A Western diplomat confirmed that there were grave concerns in United States intelligence circles that Syrian leaders could resort to the use of the weapons as their position deteriorates.
The Syrian Foreign Ministry, repeating earlier statements, told state television that the government “would not use chemical weapons, if it had them, against its own people under any circumstances.”
The United Nations said it was withdrawing nonessential international staff from Syria, and the European Union said it was reducing activities in Damascus “to a minimum,” as security forces pummeled the suburbs with artillery and airstrikes in a struggle to seal off the city from its restive outskirts and control the airport road. A senior Russian official spoke for the first time in detail about the possibility of evacuating Russian citizens.
The United Nations World Food Program reported on Tuesday that “the recent escalation of violence in Syria is making it more difficult to reach the country’s hardest-hit areas.”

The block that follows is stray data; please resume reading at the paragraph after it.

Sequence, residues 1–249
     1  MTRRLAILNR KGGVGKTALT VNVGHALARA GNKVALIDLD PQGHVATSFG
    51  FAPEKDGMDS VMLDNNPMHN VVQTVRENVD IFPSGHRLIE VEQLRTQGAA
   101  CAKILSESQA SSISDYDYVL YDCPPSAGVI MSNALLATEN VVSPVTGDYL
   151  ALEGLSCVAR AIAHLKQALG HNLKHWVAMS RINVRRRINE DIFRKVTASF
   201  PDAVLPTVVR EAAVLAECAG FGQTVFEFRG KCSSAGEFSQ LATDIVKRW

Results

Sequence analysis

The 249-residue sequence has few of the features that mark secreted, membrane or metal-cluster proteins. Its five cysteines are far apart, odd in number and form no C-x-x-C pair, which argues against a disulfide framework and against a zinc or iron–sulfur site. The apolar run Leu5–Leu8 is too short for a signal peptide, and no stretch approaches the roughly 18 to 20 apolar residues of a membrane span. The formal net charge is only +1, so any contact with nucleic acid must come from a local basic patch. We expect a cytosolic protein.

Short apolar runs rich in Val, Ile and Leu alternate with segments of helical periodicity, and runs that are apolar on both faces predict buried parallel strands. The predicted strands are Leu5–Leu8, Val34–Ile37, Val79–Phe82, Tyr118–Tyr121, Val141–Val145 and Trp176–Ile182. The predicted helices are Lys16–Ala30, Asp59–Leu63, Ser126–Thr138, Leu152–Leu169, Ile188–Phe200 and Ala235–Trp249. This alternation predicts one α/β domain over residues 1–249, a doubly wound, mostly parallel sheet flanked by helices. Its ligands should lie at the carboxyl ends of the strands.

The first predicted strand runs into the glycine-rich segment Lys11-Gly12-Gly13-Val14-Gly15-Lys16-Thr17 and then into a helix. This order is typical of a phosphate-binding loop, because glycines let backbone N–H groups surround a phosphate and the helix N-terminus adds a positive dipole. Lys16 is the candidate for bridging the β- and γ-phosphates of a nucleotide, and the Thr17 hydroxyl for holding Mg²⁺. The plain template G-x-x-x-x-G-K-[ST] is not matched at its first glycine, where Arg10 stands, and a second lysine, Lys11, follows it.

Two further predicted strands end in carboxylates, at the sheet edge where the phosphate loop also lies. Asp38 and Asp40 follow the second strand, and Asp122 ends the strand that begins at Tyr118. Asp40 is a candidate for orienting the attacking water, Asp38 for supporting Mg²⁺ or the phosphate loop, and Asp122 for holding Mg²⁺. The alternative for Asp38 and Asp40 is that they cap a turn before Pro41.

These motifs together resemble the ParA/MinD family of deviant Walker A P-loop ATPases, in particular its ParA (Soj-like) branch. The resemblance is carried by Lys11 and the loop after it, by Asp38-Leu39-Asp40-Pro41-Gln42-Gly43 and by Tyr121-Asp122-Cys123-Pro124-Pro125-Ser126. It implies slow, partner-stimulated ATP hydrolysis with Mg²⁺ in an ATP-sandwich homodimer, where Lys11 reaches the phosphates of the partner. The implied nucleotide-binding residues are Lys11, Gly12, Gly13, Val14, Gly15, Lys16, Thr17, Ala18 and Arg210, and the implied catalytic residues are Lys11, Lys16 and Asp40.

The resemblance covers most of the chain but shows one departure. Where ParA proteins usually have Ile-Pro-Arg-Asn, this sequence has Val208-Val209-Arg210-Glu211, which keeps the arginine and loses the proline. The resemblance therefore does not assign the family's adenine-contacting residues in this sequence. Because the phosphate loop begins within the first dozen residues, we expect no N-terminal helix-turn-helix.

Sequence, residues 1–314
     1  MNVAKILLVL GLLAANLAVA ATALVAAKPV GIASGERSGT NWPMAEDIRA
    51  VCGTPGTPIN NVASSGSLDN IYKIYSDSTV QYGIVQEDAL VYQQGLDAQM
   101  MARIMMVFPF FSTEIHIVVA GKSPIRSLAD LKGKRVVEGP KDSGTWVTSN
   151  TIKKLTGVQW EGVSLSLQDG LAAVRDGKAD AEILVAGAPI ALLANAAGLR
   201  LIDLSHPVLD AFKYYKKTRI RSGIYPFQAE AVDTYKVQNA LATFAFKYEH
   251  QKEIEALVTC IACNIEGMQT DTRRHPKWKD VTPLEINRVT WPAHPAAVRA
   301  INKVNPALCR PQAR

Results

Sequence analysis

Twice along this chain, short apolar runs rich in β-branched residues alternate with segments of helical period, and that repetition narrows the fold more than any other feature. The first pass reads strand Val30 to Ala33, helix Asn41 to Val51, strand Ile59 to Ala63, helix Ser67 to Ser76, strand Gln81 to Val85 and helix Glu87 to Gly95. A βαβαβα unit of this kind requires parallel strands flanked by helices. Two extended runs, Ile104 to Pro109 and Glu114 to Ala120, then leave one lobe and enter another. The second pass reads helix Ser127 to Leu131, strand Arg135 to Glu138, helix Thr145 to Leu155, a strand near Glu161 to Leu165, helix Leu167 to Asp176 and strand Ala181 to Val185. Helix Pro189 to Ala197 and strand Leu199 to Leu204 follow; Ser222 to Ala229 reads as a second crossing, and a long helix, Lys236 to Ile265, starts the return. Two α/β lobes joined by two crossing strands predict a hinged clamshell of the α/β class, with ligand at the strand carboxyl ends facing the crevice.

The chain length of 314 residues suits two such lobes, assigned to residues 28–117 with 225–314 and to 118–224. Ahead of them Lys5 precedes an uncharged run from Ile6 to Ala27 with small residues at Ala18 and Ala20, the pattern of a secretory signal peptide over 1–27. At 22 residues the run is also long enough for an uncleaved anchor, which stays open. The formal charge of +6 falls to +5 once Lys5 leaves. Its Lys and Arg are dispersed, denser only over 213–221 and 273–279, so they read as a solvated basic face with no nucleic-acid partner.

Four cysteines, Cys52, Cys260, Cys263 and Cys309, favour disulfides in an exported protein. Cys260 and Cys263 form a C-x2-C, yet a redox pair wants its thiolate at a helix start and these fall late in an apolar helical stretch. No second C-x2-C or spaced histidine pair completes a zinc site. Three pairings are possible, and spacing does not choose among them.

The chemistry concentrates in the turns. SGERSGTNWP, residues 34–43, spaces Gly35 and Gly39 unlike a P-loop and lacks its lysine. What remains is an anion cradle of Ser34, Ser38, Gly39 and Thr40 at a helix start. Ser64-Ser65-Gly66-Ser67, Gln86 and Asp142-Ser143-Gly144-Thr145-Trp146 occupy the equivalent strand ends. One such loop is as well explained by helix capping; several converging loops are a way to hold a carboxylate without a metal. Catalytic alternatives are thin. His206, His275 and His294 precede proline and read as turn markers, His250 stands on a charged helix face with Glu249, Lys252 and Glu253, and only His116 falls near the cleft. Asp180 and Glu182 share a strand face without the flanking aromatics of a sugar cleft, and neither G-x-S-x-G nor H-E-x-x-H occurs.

“Food insecurity is on the rise due to bread shortages and higher food prices in many parts of the country. High prices are also affecting neighboring countries hosting Syrian refugees,” the organization said in a statement.
“Road access to and from Damascus has become more dangerous, making it difficult to dispatch food from World Food Program warehouses to some parts of the country, the organization said, adding that there had been increasing indiscriminate attacks on its trucks in different parts of the country.